Ocean warming and acidification are challenging the tolerance limits of scleractinian corals. However, beneficial acclimation and stress-hardening via phenotypic plasticity may be pathways to buffer some negative phenotypic effects and improve thermal tolerance. In my thesis, I explored and experimentally tested the response of different life stages of the coral Acropora loripes to two different levels of combined temperature and pCO2 predicted for this century. The assessment included a range of phenotypic traits evaluated on the coral host and associated symbionts (Symbiodiniaceae and bacteria). I found strong evidence for beneficial acclimation and hardening of photosynthetic efficiency, but not in coral growth rate. Photosynthetic efficiency declined in climate change conditions, but was restored in juvenile and adult fragments that had previously experienced climate change conditions. Furthermore, prior exposure to climate change conditions induced thermal hardening that enhanced tolerance to extreme temperatures in both juveniles and adult fragments.. Coral host, rather than experimental treatment, explained the majority of variation in the community structure of symbionts. My thesis highlights both the potential and limitations of the acclimatory response of corals facing climate change conditions under laboratory conditions, and provides insights for its potential applicability to enhance future reef model projections and restoration strategies.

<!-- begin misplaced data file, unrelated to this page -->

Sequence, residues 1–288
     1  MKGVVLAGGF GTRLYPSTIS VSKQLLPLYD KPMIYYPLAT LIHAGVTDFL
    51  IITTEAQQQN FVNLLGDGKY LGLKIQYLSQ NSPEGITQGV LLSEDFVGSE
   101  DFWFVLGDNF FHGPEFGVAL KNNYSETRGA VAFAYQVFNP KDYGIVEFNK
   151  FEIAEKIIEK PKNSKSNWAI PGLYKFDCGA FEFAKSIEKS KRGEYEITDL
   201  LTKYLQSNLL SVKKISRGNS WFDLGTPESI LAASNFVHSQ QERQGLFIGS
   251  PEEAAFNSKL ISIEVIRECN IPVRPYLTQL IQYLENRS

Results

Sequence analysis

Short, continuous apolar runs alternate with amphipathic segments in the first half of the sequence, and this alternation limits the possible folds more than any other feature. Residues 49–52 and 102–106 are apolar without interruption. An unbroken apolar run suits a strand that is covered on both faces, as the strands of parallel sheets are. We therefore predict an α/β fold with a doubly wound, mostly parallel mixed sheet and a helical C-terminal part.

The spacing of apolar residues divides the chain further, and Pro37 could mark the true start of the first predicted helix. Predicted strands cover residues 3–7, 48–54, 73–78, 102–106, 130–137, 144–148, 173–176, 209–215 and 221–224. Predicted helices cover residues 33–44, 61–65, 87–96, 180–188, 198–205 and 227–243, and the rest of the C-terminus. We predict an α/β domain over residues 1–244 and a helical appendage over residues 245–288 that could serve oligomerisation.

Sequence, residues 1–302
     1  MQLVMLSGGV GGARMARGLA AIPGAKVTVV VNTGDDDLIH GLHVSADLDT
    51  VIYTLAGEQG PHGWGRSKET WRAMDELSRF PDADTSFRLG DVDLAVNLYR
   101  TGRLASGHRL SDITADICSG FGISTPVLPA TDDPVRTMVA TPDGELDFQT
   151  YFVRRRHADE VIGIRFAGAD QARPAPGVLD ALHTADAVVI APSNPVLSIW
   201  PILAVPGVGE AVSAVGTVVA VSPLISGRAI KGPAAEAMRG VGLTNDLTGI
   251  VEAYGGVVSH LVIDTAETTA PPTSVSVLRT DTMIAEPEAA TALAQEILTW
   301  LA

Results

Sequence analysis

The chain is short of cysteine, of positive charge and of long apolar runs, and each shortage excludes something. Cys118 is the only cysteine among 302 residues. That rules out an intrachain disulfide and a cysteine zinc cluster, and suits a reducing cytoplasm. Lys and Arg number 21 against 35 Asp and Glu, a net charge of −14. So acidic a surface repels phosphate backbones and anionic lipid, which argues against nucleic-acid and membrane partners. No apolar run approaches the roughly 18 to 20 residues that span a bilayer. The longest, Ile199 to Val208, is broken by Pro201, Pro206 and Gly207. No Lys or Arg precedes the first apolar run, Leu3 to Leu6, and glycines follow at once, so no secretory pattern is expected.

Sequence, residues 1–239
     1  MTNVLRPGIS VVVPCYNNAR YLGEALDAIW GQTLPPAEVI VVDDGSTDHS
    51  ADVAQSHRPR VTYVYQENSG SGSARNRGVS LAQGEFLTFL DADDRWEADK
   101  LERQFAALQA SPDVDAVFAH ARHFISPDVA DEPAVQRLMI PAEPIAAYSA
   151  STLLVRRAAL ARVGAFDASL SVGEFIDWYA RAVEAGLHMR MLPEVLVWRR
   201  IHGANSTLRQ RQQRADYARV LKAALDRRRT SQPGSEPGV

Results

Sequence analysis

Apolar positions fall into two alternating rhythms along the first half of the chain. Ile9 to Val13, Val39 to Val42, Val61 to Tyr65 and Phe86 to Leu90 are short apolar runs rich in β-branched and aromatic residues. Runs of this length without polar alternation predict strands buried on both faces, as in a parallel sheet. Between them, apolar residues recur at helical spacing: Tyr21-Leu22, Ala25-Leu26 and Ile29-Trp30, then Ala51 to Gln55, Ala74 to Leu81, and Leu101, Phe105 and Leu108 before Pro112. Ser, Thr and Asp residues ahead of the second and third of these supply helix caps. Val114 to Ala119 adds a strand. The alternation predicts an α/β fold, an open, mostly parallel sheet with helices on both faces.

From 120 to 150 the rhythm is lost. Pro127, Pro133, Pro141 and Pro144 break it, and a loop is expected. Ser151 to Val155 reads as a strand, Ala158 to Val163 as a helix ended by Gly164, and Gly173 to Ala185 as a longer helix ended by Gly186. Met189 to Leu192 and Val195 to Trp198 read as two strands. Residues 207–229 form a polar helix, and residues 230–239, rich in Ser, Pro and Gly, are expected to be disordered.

Jose was born in Rio de Janeiro – Brazil but grew up in Quito – Ecuador. He finished his B.Sc. in Biotechnology Engineering (Hns) in Ecuador in 2013 in collaboration with the University of Florida (i.e., hybridization occurring in endemic trees in the Andes region). He then decided to take a new challenge in Marine Science, which brought him to Townsville. For his M.Sc. (2014-2016) Jose worked on a molecular protocol to target ssRNA viruses infecting Symbiodiniaceae), under the supervision of Prof. Madeleine van Oppen, Dr. Karen Weynberg and Prof. Bette Willis. He started his Ph.D. with AIMS and the Centre of Excellence for Coral Reef studies in 2016, working under the supervision of Dr. Line Bay, Prof. Madeleine van Open, Prof. Philip Munday and Dr. Nicole Webster.